International student seeking advice

<p>Hello everyone!
I am an international student and I come from Bulgaria. Right now I have to make some really important decisions concerning college selection, and I hope that you can assist me. First my stats:</p>

<p>SAT I - 1450 (750 Verbal, 700 Math)
SAT II Writing 710
TOEFL CBT - 290 (6.00 on the essay)
High school record - 5.92 out of 6.00</p>

<p>Some of my most meaningful ECs:</p>

<p>Student government - Vice president during 9th and 11th grade, and student body president during 10th grade.
Volunteer at the school's informational office - 8th grade; position held: coordinator of media resources and PR; hours spent: 30
Animator in UNESCO projects during 9th and 10th grade - animator of Media workshops.
YMCA volunteer - hours spent: 30
Internship at National DARIK Radio - 10th and 11th grade
Reporter at National DARIK Radio - 11th and 12th grade
Work experience as a reporter and interviewer in the creation of a documentary movie about the American University in Bulgaria.
Volunteer service at English Language Club - 10th and 11th grade. hours per week: 20, weeks per year: 28, total: 1120
Peer tutoring in English
School's athletics team: 12th grade
Published articles in local newspapers</p>

<p>Academic achievements: </p>

<p>1st place in an English language national writing contest on women's issues. - 9th grade
1st place in an essay writing competition. - 10th grade
Essay on European Citizenship ranked among top 10, given special prize and published.</p>

<p>As for colleges, I am considering Grinnell, Macalester, Mount Holyoke, Smith, Vanderbilt, Cornell, Bates, Brandeis and Hamilton. What do you think of this college list? Do I stand a chance to get admitted and receive full financial assistance? I know that those schools provide full scholarships for intls, but the competition for them is quite keen.
So, thanks for taking the time to read this rather long post:)</p>

<p>Looking forward to your replies,</p>


<p>Those are all great schools, and schools that are very receptive to international students. Internationals are reviewed in a separate pool from domestic students though, so I don't have as good a handle on your chances as I would have on a U.S. senior.</p>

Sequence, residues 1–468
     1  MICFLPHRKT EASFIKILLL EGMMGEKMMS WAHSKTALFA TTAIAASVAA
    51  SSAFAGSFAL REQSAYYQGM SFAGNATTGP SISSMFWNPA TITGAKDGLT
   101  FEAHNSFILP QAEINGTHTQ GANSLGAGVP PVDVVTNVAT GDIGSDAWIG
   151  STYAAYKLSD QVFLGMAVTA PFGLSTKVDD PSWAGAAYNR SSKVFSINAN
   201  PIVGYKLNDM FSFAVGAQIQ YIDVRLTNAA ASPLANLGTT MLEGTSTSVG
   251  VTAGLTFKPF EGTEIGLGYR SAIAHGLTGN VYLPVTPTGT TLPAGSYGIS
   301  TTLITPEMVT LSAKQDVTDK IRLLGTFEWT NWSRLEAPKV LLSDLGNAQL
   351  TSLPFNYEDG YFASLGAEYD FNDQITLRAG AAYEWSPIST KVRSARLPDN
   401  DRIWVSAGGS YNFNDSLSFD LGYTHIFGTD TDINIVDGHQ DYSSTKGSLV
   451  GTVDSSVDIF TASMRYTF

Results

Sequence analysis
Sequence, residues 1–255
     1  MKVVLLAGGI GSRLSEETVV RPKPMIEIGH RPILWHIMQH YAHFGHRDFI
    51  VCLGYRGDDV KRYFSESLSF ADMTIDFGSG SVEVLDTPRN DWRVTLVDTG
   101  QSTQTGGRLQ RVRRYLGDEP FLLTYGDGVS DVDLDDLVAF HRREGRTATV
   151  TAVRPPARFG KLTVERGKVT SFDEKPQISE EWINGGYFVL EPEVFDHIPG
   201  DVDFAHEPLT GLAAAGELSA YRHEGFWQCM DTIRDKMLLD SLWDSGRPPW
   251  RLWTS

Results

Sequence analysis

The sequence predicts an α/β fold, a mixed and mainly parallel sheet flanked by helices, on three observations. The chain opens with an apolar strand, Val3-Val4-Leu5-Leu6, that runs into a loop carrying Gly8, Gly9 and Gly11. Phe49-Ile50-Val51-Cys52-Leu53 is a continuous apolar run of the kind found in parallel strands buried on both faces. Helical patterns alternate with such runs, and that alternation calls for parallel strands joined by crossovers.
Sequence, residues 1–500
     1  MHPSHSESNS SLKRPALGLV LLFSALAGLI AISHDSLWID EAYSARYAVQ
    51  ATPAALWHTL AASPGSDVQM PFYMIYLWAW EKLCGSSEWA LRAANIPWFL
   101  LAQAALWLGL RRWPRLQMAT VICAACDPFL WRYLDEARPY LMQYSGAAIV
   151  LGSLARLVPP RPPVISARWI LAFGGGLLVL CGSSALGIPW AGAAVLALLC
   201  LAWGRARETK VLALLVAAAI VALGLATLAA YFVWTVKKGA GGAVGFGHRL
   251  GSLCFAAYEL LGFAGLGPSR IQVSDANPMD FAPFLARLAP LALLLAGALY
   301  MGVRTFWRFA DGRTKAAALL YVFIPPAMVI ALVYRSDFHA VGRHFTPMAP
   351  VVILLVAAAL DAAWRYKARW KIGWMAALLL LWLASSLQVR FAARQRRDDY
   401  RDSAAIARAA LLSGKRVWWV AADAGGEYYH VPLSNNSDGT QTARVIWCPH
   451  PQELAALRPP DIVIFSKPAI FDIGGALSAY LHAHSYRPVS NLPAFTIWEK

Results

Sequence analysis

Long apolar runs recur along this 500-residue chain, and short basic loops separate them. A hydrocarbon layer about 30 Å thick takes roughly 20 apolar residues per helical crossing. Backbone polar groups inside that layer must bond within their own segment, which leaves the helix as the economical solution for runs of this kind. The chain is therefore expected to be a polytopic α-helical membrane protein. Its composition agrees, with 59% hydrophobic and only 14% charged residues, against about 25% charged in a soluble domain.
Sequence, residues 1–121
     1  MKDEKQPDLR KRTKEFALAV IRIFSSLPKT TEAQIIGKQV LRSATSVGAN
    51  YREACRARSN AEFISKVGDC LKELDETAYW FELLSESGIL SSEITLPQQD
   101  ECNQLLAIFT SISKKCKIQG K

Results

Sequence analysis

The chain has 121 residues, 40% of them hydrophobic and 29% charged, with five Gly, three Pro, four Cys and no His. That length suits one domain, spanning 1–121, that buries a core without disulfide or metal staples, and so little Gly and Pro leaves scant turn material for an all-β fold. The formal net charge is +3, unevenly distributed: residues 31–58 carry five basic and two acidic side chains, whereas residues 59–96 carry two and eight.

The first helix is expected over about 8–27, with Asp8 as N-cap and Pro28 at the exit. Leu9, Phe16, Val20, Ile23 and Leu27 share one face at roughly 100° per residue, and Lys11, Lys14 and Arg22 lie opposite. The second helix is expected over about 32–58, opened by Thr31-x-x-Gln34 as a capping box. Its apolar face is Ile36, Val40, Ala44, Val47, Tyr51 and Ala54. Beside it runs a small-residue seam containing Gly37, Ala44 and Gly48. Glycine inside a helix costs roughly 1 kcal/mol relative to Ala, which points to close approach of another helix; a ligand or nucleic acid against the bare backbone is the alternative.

<p>That said, you have an excellent record and I would expect you would get acceptances and reasonably good financial aid from among that group of schools. The only thing that concerns me is that the schools are in a somewhat narrow band of selectivity. It would be good if you had 2-3 less selective schools on your list. They might be more inclined to offer a strong aid package than schools of greater selectivity.</p>

<p>Thinking of schools that are somewhat like those on your list, but less selective, makes me think of a few more options for you. In order of selectivity they would be: Scripps, Occidental, Boston University, College of Wooster and Kalamazoo College. There are others, and posters on this board may know of some specific schools that have initiatives to increase their interational student percentage.</p>

<p>I was a little surprised to learn that international applications are reviewed separately. Yet, I hope this would not put me into an unfavorable condition.</p>

<p>Reidm, I checked the colleges you mentioned, but unfortunately they require a proof of funds, which I cannot provide. As for safeties, I can assure you that it is very, very hard to make a list of matches, safeties, and reachies, when one lives overseas..
Thanks again for the advice! I'm on the lookout for some less selective schools now</p>

<p>Hi! I am an international student also. I strongly recommend that you consider williams college. They do not discriminate international students even if they can't pay much. It's also the best liberal art school in the nation, which has need-blind admission policy for them. Your academic stat won't help you get in, but it won't keep you from getting in ( means you fall in the midrange). If you write nice essays, and really convey your interests, I think you have good chance.</p>